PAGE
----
Baker Hughes Blends Simplification, Investor-Grade Data, and Automation to Meet Today’s ESG Demands
- As a leading global energy technology provider with a net-zero target by 2050 and an interim target of 50% emissions reduction by 2030, Baker Hughes wanted to underpin its corporate strategy with a robust sustainability framework
- Needed a new reporting regimen foundation
- Trusted data for transparency with investors and other key stakeholders
- Visibility via dashboards
- Flexibility to changing ESG demands
Why They Chose Workiva
- ESG Reporting
Sustainability has always been important to Baker Hughes, but with increased focus on transparency to report it, the company aims to stay ahead of the game. To achieve this goal, it uses the Workiva platform for SEC reporting, ESG reporting, global statutory reporting, and government reporting.
This is of particular importance to Irina Markina, Corporate Sustainability Manager at Baker Hughes. Her job is to lead the development and execution of Baker Hughes' sustainability and net-zero energy transition strategies. "I drive our corporate sustainability performance, ESG screening in mergers and acquisitions activity, and our business strategy solutions for decarbonization," said Irina. Baker Hughes designs, manufactures, and services transformative technologies across the energy and industrial value chains. For instance, it drives energy transition technologies in CCUS or hydrogen that are critical for meeting global decarbonization targets.
Future-proofing with a multi-year approach
Because the landscape of ESG reporting is constantly changing, Irina and her team knew they needed an agile, multi-year approach to ensure that they’re ready for the always-evolving ESG disclosure requirements.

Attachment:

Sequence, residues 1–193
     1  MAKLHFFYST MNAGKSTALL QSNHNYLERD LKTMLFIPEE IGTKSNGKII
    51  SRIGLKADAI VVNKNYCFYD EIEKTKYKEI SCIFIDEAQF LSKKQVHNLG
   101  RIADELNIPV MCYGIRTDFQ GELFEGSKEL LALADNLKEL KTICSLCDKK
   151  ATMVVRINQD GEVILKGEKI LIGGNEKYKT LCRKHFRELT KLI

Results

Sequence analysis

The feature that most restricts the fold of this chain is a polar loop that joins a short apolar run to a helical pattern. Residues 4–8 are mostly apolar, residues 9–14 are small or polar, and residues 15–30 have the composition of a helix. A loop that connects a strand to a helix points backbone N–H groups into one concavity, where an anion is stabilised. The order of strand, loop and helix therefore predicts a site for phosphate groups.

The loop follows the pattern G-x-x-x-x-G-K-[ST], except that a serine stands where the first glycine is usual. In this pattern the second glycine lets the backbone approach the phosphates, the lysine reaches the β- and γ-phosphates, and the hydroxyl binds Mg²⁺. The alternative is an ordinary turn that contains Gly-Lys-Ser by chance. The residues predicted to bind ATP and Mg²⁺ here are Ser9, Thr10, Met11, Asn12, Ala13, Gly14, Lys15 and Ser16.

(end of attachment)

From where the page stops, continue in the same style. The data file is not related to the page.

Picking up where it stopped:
To be truly future-ready, they would have to create a deliberate foundation with multiple functions to deliver a robust, integrated report. The team collaborated with PwC because of its expertise in creating long-term value through an integrated, data-driven approach to sustainability.
“It’s been a true delight working with PwC,” Irina said. “They’ve helped us to create a foundation to grow, to adopt new standards, and to deliver disclosures that are significant to our stakeholders—be it our internal stakeholders, our employees and management, or external stakeholders and the broader public.”
With company strategy underpinned by a strong sustainability framework, Irina is aware of the heightened focus on sustainability data overall. Baker Hughes recognizes climate change as one of the biggest threats the world faces, and one that poses challenges to its business. On the other hand, supporting the low-carbon energy transition can help enhance Baker Hughes’ business resilience by providing new opportunities to grow its low-carbon energy technology portfolio, as well as enter new markets.